I managed to get through to the second round of the Alexandra Writers Centre’s #ABWriters “Write Your Way Out of Isolation” challenge. Thanks to all the judges who helped out! I didn’t make the cut for the third round, but I thought I’d share what I submitted for the first two attempts. I’ll post the Round 2 submission tomorrow.
Genre – Open (fiction or creative nonfiction)
Setting – A summer outdoor gathering/event – think wedding, Calgary Stampede, K-Days, an amusement park, pool party, camping trip…be creative.
Maximum word count for Round 1 is 2000 words.
Of all the rides in the midway, Victor loved the Ferris wheel most of all. It didn’t spin around and make you dizzy, although that was fun sometimes too. There was never a big line for it, like the roller coasters. No, the Ferris wheel was at once calm and thrilling, his body slowly rocking in the seat while his heart pounded like the hooves of the horses in the evening rodeo. You could see it all from the Ferris wheel. The whole park spread out beneath him, shrinking the noise and the hustle, reducing people in size in a way that he found comforting. On the Ferris wheel, he was the biggest, the highest, the observer. Of all the heavenly delights of the yearly festival, the Ferris wheel rose like a beacon. He had never missed a year, never missed a ride.
This year was shaping up to be different. It was early July, and he could see the storm clouds rolling in from his hospital window. They’d reach the midway soon enough, and he could almost see how the people would scramble for shelter. They never let him ride the wheel during a storm, but he would stand in the rain, watching and waiting to see if lightning would strike the tallest ride in the park.
He imagined being up there, the wind rocking him back and forth in the pouring rain. He imagined his hair, soaked and wind-swept; his denim jeans black with water, his boots slowing filling. He would throw his hands up, feeling the wind whip his wrists back, as the lightning crashed around him. He would point, and the lightning would follow his command. He would rule from the highest point on the wheel, the weather taking him in as one of its own, high up in the clouds.
There was no rain here, now. The only moisture in the room crept from the corners of his closed eyes. It rolled slowly down his cheeks, absorbed in the mask around his nose and mouth, dark rings of sadness on the light blue paper.
Everyone else in his shared room had their mouths covered, but not with masks. The steady hiss of ventilators overlapped, creating a sound like constant waves on a small, rocky shoreline. Or heavy rain on midway pavement.
He wasn’t sick, but he wasn’t allowed out of this tiny, hot room, full of sadness and suffering. The others, the sick people, it was obvious that something was wrong with them. His uncle, the first to show signs of the illness, lay in the bed next to his. His uncle’s skin was pale and thin; he sweated constantly, and it smelled like mini donuts – sweet, but oily. Across the room, their elderly neighbour, frail and fading, his breathing small and weak. The other corner of the room held an empty bed. The hospital was busy, and the other rooms were full, but they didn’t want anyone else in here.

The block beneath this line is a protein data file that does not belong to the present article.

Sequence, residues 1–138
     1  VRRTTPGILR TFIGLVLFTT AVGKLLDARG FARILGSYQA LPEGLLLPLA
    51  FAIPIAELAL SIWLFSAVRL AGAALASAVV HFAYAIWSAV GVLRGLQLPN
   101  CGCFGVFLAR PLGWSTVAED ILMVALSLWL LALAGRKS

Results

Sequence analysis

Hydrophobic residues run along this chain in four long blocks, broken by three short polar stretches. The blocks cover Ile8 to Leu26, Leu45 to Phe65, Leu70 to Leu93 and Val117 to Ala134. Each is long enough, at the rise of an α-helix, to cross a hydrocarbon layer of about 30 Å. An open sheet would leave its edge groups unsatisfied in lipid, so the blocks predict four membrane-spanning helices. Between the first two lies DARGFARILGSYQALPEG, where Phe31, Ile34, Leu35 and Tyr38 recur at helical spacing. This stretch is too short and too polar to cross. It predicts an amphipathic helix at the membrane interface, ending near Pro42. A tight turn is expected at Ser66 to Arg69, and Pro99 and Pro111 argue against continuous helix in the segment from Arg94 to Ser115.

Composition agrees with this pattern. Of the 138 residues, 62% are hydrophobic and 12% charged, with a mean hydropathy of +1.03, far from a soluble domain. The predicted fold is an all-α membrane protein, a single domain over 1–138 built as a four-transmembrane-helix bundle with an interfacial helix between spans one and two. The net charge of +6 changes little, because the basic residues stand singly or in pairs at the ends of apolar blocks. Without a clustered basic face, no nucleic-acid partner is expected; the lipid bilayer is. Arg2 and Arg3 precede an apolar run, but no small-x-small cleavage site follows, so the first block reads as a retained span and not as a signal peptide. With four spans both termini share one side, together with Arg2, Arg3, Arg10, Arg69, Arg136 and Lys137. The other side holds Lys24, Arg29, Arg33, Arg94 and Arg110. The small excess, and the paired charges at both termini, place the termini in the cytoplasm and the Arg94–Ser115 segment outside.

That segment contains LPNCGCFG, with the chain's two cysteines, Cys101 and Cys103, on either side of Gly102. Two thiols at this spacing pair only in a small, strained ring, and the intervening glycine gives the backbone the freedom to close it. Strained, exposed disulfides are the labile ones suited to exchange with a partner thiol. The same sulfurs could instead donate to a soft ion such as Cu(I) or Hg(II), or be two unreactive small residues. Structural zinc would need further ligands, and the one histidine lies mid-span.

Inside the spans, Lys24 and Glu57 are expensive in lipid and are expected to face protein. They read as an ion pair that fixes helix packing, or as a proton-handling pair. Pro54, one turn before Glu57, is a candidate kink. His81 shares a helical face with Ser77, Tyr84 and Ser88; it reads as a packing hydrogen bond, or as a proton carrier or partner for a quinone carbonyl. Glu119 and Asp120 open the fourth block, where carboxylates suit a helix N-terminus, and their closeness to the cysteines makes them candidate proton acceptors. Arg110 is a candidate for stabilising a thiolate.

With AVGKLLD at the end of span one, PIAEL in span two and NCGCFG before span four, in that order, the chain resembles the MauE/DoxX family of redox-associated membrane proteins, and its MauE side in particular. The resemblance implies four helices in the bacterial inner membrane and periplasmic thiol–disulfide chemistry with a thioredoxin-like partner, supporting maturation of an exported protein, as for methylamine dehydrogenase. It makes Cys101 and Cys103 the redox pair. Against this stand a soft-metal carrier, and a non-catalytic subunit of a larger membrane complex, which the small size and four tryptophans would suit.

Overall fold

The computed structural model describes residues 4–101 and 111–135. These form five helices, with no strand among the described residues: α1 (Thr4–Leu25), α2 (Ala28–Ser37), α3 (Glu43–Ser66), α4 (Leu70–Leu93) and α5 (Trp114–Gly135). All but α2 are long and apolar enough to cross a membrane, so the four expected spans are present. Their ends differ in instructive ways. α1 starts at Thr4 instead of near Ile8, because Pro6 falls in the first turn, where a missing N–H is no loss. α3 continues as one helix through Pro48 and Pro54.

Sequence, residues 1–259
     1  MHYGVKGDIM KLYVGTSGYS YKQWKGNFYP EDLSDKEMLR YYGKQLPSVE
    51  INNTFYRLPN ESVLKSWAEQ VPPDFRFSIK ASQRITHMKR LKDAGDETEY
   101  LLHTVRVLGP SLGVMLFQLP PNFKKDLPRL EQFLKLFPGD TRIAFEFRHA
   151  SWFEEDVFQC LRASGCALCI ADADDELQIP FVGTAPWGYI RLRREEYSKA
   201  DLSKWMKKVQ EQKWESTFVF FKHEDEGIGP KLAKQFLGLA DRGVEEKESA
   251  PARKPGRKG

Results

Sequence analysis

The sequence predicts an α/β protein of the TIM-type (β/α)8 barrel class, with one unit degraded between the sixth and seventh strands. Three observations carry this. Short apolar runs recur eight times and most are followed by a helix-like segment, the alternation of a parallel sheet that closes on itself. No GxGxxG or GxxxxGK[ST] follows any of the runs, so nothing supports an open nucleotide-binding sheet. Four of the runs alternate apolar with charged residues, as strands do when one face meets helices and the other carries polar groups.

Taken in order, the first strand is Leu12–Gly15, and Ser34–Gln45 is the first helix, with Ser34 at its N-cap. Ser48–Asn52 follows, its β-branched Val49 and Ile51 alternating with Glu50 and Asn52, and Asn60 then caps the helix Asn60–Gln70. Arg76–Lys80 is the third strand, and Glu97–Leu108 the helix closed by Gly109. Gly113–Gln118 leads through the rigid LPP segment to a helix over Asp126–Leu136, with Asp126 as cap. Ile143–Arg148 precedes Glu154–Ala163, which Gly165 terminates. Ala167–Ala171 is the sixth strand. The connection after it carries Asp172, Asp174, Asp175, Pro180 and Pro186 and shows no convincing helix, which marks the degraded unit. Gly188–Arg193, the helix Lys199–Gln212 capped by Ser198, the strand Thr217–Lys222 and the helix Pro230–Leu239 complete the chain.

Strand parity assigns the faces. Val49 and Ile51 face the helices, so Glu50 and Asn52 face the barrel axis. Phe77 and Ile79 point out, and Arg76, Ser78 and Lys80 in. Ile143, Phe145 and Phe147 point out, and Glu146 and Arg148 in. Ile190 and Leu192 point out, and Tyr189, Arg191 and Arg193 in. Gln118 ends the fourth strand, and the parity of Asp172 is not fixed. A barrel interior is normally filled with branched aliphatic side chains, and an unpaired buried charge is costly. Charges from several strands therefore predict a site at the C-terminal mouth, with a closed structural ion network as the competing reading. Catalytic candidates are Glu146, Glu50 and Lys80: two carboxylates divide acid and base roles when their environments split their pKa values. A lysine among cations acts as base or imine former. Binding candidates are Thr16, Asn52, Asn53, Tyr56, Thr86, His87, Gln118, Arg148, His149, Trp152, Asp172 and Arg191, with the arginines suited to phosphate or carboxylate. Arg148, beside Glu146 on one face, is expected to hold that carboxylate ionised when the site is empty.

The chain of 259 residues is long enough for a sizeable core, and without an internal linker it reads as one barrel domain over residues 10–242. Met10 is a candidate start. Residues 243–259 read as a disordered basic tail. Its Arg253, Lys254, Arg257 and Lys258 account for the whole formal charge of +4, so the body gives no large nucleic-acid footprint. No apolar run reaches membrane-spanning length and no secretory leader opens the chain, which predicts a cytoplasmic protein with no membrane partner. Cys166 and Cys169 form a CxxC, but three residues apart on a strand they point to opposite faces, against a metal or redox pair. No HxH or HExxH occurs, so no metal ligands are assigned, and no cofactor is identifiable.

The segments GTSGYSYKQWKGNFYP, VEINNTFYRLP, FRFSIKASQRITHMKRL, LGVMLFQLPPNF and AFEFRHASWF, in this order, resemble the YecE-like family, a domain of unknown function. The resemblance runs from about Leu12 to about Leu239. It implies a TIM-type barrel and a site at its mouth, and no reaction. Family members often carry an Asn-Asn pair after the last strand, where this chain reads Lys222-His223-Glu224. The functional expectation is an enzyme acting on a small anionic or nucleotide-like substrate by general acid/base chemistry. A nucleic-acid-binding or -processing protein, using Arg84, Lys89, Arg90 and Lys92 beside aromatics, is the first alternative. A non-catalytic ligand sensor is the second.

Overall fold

They had fallen ill within a few hours of each other, and both after having spent time near Victor. It’s just precautionary, they told him. But he saw the protective gear they struggled into every time they came to talk to him, and to check on the others. They spoke softly, like their words would hurt his ears. He wouldn’t talk to them, but let them take his temperature, and his blood. He watched the storm clouds roll towards the fairgrounds, and thought about the only thing that mattered, the thing they were taking away from him.
The Ferris wheel. The lightning. The power.
A nurse was coming to see him now, fully covered in a yellow suit, only her eyes showing. She was trying to smile with her eyes, Victor knew, but it was forced and phoney and it made him angry. Trying to be kind, but beneath her protective suit were a pair of blue jeans and a soft, cotton western shirt.
“You get to go, don’t you?” Victor asked.
She blinked; the smile from her eyes pulled back like rain on a windshield. “Sorry dear, what do you mean?”
“The grounds,” he said. “The rides, the pancakes, the rodeo. All of it. You get to go any time you want.”
She tried to smile again. “Yes, I’m going to go tonight. With my kids. You’d like them, I think. They love the rides – and the cotton candy!”
He turned away. Cotton candy. Rides. The wheel. He faced her again, her head highlighted by the storm passing behind them, out the window.
“I don’t get to go,” he said, flat and hollow. “I’m going to miss it.”
She reached out, as if to stroke his hair, but stopped herself quickly, her hand falling back to her side.
“I think you might have to miss this year,” she agreed, kindness and empathy in her voice. “But there’s always next year! And you should be able to…”
“No!” he screamed, his arms stiff and wide, his mouth a perfect wheel shape.
“NO!” he screamed again, and she backed away, the light in her eyes now bright with alarm instead of kindness. She backed away, a small tremble in her step, then out the door into the airlock.
“No,” he said, to himself. There is not always next year. All there is, all that ever will be, is now. Right now. His anger spread back from his face, settling warm into his chest like a hot coal.